An exhibition based on the latest book in the acclaimed ‘Lost Words’ series, has helped inspire people to reconnect with nature and our local landscapes. ‘The Lost Spells: Listening to a Landscape of Voice Exhibition and Programme’ was developed and delivered by the Northumberland National Park Foundation. They received grants from three funds at the Community Foundation Tyne & Wear and Northumberland: the Northern Powergrid Fund; Local Environment Action Fund (LEAF); and the Linden Family Fund.
‘The Lost Words’ series, illustrated by Jackie Morris and written by Robert Macfarlane, began as a meditation on the loss of language about nature and grew into a broader protest about the loss of the natural world. Seeing the clear connection between the series and their own work encouraging the protection, conservation and enhancement of Northumberland National Parks, an immersive exhibition was created to connect people of all ages, abilities and backgrounds with nature and landscapes. This coupled with outreach work with local schools and communities, made environmentally focused content accessible on a larger scale.
Michelle Hardie, Philanthropy Advisor at the Community Foundation said:
“Given the context of climate change and Covid-19, Northumberland National Park Foundation’s project is particularly relevant and timely. Their exhibition and outreach work directly engages with those communities hardest hit by the pandemic and encourages them to reconnect with nature. The project has clearly had a significant impact in terms of education, wellbeing and enjoyment of the natural world around us”.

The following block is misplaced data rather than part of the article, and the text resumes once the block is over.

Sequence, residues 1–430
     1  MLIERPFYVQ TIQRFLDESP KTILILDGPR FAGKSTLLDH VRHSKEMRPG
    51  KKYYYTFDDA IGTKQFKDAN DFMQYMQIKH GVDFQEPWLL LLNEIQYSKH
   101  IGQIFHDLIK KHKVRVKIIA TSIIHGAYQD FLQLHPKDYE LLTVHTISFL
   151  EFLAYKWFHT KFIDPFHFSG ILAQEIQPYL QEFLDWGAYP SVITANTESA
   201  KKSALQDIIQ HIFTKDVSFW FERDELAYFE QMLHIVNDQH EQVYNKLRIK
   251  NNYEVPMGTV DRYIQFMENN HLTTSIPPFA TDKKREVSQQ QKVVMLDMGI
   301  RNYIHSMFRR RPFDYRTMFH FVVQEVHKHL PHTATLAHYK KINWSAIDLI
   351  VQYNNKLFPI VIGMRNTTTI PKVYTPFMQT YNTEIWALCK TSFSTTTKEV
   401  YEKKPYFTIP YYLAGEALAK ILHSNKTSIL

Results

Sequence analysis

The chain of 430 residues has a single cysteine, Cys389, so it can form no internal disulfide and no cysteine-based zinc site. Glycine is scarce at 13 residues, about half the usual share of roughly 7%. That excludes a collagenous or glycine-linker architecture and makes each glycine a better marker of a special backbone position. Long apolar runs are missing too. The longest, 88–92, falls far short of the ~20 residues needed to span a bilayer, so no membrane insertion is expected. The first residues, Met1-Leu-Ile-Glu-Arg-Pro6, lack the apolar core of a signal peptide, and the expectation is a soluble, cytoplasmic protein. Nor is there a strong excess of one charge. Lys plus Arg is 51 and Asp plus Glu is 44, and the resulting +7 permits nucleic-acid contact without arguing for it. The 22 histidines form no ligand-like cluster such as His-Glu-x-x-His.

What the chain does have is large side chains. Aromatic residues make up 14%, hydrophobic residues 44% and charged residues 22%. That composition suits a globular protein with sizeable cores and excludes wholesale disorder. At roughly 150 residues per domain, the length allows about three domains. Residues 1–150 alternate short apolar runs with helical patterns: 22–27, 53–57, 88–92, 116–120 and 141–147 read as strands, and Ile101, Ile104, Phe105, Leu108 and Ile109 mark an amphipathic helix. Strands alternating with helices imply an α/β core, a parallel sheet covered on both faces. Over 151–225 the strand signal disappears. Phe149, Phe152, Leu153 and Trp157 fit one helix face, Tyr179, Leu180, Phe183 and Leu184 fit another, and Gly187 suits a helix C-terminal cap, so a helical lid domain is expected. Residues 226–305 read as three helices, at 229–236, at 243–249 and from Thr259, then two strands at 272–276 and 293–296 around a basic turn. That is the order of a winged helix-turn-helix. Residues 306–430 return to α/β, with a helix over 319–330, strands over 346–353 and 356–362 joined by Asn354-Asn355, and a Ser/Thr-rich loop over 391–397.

The exhibition attracted 34,733 visitors during its duration. As well as this, 2,537 school children took part in education sessions. The project also allowed Northumberland National Park Foundation to partner with a diverse range of local groups and communities, allowing more people to access the exhibition.
Sarah Burn, Head of Engagement for Northumberland National Park said:
“With funding support from the Community Foundation, ‘The Lost Spells: Listening to a Landscape of Voices Exhibition and Programme’ exceeded all expectations and its success has led to the project going on tour, with its first stop being North York Moors National Park.
“The ambitious exhibition and programme used ‘The Lost Spells’ as a key focus and driver of the National Park’s public, outreach and learning offer, connecting a wide-range of audiences with nature and climate change through creative workshops, National Park visits and online content.
“It has also shaped the way we work in the future, with the development of a climate literacy school just one of the new work programmes in development. We would like to thank the Community Foundation for supporting ‘Lost Spells’ which will now be a catalyst for many more people, across the country, to discover, learn and ask questions about species loss, biodiversity and climate action.”